Mitt Romney gave a solid performance, and I think one thing that helped was that much of the speech focused on family—something that Romney has a much stronger personal and political record on—than abortion, on which he is more vulnerable. Also, with heavy references to his wife and kids, it drew a contrast with Giuliani.
There was applause through most of his speech, but the problem is that with his volunteers on hand clapping at every oppourtunity, it’s hard to get a gauge of the room. Some people I spoke to after thought he did well, while others didn’t feel he really lit a fire in them. This might get to the emotional intellegence problem I’ve written about with regard to Romney—he says the right things on an intellectual level, but doesn’t seem to connect on an emotional level. You talk to people about a Romney speech and it’s like the old cliche about eating in a Chinese restaurant—you’re full when you walk out, but are hungry an hour later. One thing that benefits Romney, I think, is that many people seemed underwhelmed by Thompson, even those who were once favorably disposed toward him. (My initial post gave him good reviews, but part of it might have been that I was sitting near a group of several dozen vocal FredHeads, so I may have gotten a skewed view.) Romney just seems to be working harder for votes, so I can see a lot of leaders coming out of this weekend and rallying around Romney as an anti-Giuliani measure. But I think that the rank and file values voter will remain very conflicted. I hope to do more floor reporting tomorrow after all the candidates have spoken and get a better sense.
“I’m pro-family on every level, personal and political,” Romney said early on in his speech.
He talked about the family as the basic “economic unit” and “building block of society.” However, he said, “The American family is under stress.”
He talked about how as President, he would try to promote stronger families, and that his wife as First Lady would be dedicated to that purpose. He said he would eliminate marriage penalties in the tax system and perform an audit of every government program to weed out any ones that are detrimental to families.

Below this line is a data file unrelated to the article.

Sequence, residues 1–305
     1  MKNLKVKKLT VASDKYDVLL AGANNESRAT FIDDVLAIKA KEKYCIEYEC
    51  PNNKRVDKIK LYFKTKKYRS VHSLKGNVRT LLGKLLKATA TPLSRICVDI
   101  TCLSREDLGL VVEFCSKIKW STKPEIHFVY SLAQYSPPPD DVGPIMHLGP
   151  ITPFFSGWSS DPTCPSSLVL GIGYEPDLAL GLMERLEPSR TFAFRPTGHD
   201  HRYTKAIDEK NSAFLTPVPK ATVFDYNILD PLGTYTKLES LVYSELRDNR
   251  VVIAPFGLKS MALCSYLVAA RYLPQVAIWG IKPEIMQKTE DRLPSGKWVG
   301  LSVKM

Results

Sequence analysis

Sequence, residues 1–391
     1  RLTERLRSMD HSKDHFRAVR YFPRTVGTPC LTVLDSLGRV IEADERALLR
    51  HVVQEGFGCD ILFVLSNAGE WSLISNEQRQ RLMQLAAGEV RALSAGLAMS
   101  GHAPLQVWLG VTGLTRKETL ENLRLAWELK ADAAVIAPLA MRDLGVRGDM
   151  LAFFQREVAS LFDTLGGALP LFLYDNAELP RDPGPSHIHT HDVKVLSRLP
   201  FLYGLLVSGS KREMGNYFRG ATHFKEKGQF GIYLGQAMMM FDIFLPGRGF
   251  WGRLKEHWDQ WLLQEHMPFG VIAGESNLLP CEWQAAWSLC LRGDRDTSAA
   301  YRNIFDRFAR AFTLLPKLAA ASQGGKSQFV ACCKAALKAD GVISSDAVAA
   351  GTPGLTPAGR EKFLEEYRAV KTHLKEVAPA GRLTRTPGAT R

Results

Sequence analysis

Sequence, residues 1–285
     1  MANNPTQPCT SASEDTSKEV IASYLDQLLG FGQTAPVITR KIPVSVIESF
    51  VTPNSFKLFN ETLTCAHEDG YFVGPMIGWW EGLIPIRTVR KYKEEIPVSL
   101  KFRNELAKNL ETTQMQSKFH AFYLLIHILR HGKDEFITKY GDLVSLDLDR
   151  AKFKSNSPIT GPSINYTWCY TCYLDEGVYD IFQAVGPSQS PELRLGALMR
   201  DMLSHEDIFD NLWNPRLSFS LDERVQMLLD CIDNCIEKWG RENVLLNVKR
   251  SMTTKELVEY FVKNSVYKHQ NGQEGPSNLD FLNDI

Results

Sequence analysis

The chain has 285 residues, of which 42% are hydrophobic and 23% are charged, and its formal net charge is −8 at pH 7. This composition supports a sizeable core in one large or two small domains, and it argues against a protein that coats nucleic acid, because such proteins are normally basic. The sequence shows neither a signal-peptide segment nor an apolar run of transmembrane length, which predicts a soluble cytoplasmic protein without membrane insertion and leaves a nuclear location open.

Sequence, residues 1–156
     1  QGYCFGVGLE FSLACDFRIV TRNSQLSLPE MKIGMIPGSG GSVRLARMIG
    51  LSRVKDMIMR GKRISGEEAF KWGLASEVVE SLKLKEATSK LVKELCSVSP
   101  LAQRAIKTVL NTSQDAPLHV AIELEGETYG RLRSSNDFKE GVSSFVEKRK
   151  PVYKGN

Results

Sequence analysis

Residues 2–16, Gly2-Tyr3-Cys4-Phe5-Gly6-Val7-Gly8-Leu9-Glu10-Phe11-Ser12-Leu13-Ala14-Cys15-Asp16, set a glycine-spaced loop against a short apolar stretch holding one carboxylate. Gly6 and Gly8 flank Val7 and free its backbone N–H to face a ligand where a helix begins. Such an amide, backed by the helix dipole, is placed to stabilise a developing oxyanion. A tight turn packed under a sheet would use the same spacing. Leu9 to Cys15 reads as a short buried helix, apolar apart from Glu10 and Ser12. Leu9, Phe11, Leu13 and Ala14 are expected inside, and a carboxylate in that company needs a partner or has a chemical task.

He veered into nanny-statism with his anti-Internet pornography crusade, which he referred to as a “modern plague” and he proposed requiring that computers have an anti-Internet porn filter for children.
He spoke about the gay marriage issue, and his experiences with it in Massachusetts, and also addressed his Mormonism.
“By the way, I imagine that one or two of you may have heard that I’m Mormon,” he joked. “I understand that some people think they couldn’t support someone of my faith, but I think that’s just because they’ve listened to Harry Reid.”
That seemed to go over well.
Toward the conclusion of the speech, in a clear attempt to draw a contrast with Giuliani, he spoke about how “The First Family represents America to the world.”
All that stuff was fine, but he was less convincing when he said. “I will be a pro-life president, just like I was a pro-life Governor.”
A man of faith in a godless age is hitting Americans where it hurts.
Mr. and Mrs. American Spectator Reader, let P.J. O’Rourke talk sense to your kids.
In Britain, defending your property can get you life.
The debacle of this president’s administration is both a cause and a symptom of the decline of American values. Unless Congress impeaches him, that decline will go on unchecked. An eminent jurist surveys the damage and assesses the chances for the recovery of our culture.
It won’t take long for conservatives to scratch this presidential wannabe off their 2008 scorecard.
The American Christmas, like the songs that celebrate it, makes room for everybody under the rainbow. Is that why so many people seem to be hostile to it?
Was the President done in by the economy, or by the politics of the economy?